"The most reasonable answer is to require that the machines be equipped with printers that will produce what Representative Rush Holt, Democrat of New Jersey, calls a "parallel paper record" of the vote. That makes sense to us. Like deeds, diplomas and other vital public documents, the nation's votes still need to be preserved somewhere on paper."
"California last month took the lead in demanding a backup paper tally of the vote when Secretary of State Kevin Shelley ordered that by July 2006, all electronic screen voting machines must have a "voter verified paper audit trail." Since California is expected to spend about $400 million on its new machines, the big voting machine companies are scrambling to make the paper options available and workable.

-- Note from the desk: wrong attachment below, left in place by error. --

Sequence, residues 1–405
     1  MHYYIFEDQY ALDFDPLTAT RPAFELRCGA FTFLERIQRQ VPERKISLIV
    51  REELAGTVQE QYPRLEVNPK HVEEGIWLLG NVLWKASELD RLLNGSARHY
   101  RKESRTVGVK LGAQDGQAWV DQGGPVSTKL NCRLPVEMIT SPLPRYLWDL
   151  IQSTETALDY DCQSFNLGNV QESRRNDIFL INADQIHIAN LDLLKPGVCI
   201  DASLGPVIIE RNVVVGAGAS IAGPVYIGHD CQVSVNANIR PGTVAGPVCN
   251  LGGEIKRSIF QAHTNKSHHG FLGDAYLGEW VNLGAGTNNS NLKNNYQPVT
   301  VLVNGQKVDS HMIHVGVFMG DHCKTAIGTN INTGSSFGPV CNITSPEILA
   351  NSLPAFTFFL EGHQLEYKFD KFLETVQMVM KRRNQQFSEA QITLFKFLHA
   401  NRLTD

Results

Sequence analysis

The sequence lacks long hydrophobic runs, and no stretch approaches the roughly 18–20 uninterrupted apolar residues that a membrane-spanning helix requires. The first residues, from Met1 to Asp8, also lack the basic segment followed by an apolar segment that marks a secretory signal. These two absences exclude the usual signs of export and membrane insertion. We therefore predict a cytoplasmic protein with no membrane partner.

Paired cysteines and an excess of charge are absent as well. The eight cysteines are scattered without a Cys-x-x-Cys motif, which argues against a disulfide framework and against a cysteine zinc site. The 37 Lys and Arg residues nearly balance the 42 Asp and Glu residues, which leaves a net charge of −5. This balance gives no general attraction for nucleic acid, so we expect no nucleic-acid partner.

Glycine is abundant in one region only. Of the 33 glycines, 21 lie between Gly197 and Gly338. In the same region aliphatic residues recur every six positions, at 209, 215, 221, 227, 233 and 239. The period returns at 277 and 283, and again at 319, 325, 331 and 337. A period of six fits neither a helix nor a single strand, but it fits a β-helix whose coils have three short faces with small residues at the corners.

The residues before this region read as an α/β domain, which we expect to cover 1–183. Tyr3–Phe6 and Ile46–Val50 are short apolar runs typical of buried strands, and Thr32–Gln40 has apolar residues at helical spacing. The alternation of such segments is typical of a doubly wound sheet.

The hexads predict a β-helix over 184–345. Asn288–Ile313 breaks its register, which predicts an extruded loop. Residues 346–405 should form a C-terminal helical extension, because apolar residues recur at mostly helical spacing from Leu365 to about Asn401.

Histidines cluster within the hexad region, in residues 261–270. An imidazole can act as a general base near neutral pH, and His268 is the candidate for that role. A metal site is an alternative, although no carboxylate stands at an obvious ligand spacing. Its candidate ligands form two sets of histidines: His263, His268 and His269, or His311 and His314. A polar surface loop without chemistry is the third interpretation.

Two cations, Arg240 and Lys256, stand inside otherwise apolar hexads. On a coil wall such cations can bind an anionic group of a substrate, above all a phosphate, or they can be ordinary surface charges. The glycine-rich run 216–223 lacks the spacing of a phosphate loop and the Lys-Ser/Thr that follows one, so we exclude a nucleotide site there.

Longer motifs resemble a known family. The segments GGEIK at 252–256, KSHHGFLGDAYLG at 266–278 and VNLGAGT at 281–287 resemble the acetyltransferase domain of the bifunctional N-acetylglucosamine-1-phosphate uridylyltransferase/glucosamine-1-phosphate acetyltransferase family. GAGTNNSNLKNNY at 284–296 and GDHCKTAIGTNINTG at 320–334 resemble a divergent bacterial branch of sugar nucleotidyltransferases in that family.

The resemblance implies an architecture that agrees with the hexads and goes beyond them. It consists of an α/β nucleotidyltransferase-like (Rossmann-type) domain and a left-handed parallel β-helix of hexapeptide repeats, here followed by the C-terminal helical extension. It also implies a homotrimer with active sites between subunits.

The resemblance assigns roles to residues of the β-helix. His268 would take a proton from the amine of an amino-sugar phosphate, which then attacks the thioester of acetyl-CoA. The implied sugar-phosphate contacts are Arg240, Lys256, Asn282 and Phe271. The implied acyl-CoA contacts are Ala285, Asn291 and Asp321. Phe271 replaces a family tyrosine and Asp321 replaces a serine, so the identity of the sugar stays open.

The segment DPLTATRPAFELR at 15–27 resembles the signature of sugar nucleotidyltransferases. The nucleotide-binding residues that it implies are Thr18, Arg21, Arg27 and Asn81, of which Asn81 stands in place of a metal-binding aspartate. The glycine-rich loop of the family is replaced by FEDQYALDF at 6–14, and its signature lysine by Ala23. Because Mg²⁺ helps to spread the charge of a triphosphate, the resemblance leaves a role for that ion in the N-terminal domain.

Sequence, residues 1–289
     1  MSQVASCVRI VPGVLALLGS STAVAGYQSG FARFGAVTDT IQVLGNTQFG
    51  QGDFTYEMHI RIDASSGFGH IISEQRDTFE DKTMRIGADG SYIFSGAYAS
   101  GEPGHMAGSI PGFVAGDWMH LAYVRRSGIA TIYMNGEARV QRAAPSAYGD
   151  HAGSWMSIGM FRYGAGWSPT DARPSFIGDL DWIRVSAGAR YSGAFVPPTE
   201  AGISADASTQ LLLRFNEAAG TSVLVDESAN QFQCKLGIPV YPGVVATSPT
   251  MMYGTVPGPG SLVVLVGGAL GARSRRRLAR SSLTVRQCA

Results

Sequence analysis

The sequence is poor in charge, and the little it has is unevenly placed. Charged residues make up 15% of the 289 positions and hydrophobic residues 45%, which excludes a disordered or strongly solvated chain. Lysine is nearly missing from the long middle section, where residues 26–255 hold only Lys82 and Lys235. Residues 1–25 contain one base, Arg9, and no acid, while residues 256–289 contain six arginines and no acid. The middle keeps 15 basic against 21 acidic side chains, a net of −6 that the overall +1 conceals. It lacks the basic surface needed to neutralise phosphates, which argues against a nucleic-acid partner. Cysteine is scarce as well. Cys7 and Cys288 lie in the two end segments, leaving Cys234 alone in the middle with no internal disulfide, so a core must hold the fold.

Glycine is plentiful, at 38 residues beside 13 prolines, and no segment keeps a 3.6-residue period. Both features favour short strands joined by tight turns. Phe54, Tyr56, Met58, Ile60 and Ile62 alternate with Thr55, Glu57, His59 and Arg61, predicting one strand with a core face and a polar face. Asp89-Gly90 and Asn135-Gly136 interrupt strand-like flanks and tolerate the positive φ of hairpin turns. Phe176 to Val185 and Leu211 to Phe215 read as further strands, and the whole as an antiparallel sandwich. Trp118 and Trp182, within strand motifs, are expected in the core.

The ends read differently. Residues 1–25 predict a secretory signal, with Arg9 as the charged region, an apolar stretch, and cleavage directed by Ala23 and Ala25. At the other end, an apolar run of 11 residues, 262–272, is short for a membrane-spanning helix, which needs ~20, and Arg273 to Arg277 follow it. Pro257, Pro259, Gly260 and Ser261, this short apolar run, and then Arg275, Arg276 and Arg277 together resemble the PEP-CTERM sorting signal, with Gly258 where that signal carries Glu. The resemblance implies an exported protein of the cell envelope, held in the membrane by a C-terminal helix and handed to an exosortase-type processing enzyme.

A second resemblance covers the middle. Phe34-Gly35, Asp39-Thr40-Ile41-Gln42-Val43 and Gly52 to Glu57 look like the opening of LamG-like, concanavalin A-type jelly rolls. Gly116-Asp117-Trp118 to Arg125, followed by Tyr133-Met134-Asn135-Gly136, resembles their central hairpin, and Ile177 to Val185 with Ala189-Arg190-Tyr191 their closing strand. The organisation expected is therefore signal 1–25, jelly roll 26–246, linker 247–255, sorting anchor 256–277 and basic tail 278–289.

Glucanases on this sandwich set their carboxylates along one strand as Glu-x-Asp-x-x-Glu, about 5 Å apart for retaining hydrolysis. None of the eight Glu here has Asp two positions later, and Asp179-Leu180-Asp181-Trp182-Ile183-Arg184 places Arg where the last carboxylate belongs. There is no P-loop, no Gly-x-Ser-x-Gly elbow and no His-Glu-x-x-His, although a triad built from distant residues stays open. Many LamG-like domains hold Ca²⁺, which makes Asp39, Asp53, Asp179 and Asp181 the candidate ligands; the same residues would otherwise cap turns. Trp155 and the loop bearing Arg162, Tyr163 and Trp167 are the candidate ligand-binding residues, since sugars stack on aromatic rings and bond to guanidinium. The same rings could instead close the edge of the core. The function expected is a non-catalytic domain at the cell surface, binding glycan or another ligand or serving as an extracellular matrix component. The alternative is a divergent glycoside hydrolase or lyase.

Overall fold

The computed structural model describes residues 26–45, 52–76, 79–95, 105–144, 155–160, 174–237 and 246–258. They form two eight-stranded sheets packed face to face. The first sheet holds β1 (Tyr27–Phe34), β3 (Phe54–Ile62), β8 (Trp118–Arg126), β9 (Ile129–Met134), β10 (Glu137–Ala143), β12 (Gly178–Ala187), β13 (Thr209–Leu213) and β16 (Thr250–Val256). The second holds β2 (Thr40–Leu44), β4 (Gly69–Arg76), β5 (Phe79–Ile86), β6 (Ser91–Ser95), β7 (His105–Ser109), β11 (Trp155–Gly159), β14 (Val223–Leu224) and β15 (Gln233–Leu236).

California's push also may make it easier for other states that are still circling the voting machine issue"